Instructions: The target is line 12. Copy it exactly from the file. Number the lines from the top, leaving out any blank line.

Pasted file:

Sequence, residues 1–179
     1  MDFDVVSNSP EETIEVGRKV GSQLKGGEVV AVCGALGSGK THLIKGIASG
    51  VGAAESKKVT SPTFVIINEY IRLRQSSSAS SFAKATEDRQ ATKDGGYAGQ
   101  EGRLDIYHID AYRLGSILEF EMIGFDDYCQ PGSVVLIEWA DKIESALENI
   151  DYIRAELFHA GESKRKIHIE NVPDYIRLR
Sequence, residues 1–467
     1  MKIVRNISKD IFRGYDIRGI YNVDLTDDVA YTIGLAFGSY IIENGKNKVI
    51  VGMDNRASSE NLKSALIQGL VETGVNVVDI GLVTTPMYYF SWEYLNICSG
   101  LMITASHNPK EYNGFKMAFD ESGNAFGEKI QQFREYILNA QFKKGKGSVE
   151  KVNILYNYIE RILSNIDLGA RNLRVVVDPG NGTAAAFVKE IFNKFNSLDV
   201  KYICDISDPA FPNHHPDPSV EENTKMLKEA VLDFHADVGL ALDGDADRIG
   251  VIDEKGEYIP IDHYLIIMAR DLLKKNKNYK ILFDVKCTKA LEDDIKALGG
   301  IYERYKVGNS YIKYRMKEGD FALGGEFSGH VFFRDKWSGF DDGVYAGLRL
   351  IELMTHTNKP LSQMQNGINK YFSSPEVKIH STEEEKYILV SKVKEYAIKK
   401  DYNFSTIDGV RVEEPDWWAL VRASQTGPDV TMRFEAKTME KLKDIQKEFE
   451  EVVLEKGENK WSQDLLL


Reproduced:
   251  VIDEKGEYIP IDHYLIIMAR DLLKKNKNYK ILFDVKCTKA LEDDIKALGG